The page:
Hector Alejandro Cabrera Fuentes, a scientist at Duke-National University of Singapore Graduate Medical School, was arrested for allegedly acting on behalf of a Russian government official.
At the time of his arrest, the National Heart Centre Singapore employed Fuentes, who also held an appointment in the cardiovascular and metabolic disorders program at Duke-NUS Medical School. A Mexican citizen and graduate of Kazan University in Russia, Fuentes is listed as a Duke-NUS-affiliated author for more than 20 cardiology papers dating from 2016 to January of this year.
“All of his appointments have been suspended, and pending the ongoing investigations in the US we are unable to comment further,” wrote Dharshini Subbiah, a senior communications specialist at Duke-NUS, in an email to The Chronicle Thursday morning.
In his most recent paper, his name was linked to five academic affiliations spanning from Russia to Germany and Mexico to Singapore.
The Miami Herald reported that Fuentes was arrested Sunday after following and having his wife take a photo of a U.S. government vehicle in Miami. While attempting to return to Mexico two days later, Fuentes and his wife were stopped by customs agents at the Miami airport who asked to inspect their phones.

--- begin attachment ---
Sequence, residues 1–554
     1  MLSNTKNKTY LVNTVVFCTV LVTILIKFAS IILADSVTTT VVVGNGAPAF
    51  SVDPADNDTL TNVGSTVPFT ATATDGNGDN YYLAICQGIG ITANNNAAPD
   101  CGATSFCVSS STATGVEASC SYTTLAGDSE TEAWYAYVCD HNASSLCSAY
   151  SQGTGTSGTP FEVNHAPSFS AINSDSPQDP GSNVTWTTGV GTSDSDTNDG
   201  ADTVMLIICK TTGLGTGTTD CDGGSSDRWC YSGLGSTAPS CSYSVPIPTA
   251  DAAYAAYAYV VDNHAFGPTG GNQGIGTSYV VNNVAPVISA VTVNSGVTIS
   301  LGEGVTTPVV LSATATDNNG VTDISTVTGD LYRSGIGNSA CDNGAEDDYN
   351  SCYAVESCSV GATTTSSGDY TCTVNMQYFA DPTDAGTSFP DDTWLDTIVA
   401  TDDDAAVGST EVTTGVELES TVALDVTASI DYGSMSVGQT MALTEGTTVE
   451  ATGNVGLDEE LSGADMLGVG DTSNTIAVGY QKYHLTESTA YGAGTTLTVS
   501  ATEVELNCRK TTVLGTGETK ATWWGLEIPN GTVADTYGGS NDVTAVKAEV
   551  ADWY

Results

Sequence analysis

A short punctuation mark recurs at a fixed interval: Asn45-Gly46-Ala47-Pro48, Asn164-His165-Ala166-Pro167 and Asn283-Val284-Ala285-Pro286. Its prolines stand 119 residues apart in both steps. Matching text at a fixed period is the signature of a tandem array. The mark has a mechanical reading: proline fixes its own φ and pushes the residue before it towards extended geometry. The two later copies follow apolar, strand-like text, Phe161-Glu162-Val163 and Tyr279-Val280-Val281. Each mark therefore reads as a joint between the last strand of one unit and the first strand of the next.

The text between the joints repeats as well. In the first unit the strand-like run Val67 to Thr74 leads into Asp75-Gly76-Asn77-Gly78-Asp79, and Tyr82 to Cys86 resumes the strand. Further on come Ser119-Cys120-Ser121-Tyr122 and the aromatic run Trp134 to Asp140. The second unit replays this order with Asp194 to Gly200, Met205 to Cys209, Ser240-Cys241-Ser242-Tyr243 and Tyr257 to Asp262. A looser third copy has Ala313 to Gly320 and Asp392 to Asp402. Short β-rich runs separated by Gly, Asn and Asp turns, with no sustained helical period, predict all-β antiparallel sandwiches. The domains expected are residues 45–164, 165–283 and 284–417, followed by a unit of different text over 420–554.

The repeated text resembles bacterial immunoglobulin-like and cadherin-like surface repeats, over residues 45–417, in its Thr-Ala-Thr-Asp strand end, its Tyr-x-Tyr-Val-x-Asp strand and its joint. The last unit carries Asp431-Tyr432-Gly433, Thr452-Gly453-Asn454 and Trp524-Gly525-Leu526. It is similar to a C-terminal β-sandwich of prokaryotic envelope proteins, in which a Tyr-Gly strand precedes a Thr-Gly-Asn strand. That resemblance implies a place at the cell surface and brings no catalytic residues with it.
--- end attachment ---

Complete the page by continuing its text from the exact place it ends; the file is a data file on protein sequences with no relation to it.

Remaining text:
In the recently deleted images folder on the phone of Fuentes’ wife, the customs agent found a close-up photograph of the license plate of the U.S. government vehicle.
According to a statement from federal prosecutors, Fuentes was recruited by a Russian government official in 2019 to collect information about the U.S. government, sharing directions and information through secret meetings in Moscow. Upon being questioned at the airport, Fuentes confessed to conducting the act on behalf of a Russian official.
He was told to rent property in Miami-Dade County, Fla., under a different name and not tell his family about the Moscow meetings. The official, according to the statement, told Fuentes to “locate the car, obtain the source’s vehicle license plate number, and note the physical location of the source’s vehicle.”
Since then, Fuentes has been charged on two accounts: acting on behalf of a foreign agent without notifying the attorney general and conspiracy to act on behalf of a foreign agent. He will be arraigned March 3 in Miami federal court.
Nathan Luzum contributed reporting.
Editor's Note: The Chronicle was unable to find contact information for Fuentes or a lawyer.
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Mona Tong is a Trinity senior and director of diversity, equity and inclusion analytics for The Chronicle's 117th volume. She was previously news editor for Volume 116.